According to the newly released ICv2 White Paper on the “State of the Comics Industry,” manga sales in the U.S. and Canada suffered through a second straight year of double digit declines in 2009 with sales falling 20% from an estimated $175 million in 2008 to $140 million in 2009.  This drop-off comes on the heels of a 17% decline from manga’s high point in 2007 when sales reached their peak of $210 million, which means that manga sales declined by a third from 2007 to 2009.


Interestingly in 2009 the drop-off in manga sales was more pronounced in the bookstore channel than it was in the direct market, with the weakest titles taking the biggest hits.  The number of volumes of manga released, which hit an all-time high of 1513 in 2007 fell to 1115 in 2009 and is projected (according to ICv2’s survey of manga publishers see “Fewer Manga in 2010”) to plummet to 968 in 2010, thus mirroring the more than 33% decline in manga sales since 2007.   While most of the major manga publishers have simply cut back on the number of their releases, the pressure of declining sales has forced a number of mid-level publishers, including Aurora, Go-Comi, and Dr. Master, to inactive status.


The young teen shojo fans who fueled the manga boom in bookstores have aged and in spite of attempts to interest them in reading more “adult” josei manga, as they grow older these predominantly female readers appear to be abandoning manga for other things.  Meanwhile, Twilight has absorbed much of the attention of the teen audience that was buying shojo. 


The TV exposure that drove major shonen hits such as Naruto, Bleach and Death Note is down considerably, which has kept hot new titles such Rosario + Vampire from achieving the kind of success that previous Shonen Jump hits have enjoyed.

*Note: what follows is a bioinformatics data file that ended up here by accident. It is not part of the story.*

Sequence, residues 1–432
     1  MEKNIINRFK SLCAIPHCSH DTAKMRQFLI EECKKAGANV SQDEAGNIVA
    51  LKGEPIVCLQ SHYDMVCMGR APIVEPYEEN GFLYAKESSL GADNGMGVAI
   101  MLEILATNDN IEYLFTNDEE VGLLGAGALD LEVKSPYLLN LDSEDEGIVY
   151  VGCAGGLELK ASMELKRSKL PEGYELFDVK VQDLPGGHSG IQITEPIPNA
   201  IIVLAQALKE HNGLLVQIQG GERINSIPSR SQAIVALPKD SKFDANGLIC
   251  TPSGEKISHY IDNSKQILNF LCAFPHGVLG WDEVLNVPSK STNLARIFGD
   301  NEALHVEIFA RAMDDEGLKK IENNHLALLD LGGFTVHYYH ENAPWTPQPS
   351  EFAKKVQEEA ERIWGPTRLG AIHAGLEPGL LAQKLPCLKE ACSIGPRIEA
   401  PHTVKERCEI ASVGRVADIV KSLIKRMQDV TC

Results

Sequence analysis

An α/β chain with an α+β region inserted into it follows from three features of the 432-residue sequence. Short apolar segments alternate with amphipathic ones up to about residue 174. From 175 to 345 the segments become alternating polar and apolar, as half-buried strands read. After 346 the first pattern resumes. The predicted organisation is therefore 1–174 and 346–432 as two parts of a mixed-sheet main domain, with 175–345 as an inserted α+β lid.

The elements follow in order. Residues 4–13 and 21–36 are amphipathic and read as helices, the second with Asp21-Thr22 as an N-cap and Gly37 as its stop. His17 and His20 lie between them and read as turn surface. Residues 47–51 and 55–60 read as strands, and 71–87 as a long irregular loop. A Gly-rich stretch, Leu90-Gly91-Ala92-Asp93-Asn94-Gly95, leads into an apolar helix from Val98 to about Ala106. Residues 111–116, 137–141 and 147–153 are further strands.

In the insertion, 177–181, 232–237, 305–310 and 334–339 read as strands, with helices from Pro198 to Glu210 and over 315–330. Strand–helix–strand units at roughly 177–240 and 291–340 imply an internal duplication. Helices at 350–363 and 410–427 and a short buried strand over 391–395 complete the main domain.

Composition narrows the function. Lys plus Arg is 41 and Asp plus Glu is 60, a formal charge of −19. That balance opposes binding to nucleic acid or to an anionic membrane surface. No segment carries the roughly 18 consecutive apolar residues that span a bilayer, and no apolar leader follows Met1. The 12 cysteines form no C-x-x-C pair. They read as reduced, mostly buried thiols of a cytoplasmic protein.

The pipeline has also been weak, with no major new hits from Japan in the last few years.  In fact, sales are down in Japan as well, with a decline of 6.6% reported for 2009, according to the Research Institute for Publications, via Anime News Network.  .


While comic retailers tell ICv2 that they believe scanlations (translations of scanned manga, which appear on the Web within days of their publication in Japan) are hurting their sales, the evidence is not conclusive.  Scanlations were around through the growth of the manga market as well as its decline, and some feel that they actually increase the market for manga collections by creating greater exposure for new properties.  While it may be true that more manga buyers are telling retailers that they're reading online rather than buying, that may be due to economic conditions (they're buying fewer titles over-all), or to the lack of a major hit that stimulates buying. 


Despite the recent declines, manga remains a key component of the overall graphic market in North America.  In European markets where manga boomed before it hit it big here in the States, there was a post-boom drop-off, but sales then stabilized at a substantial level. In spite of a 19% drop in the number of releases and a 20% decline in sales, manga titles still represented 35% of all the graphic novels released in the U.S. in 2009 and accounted for a similar percentage of sales in the category.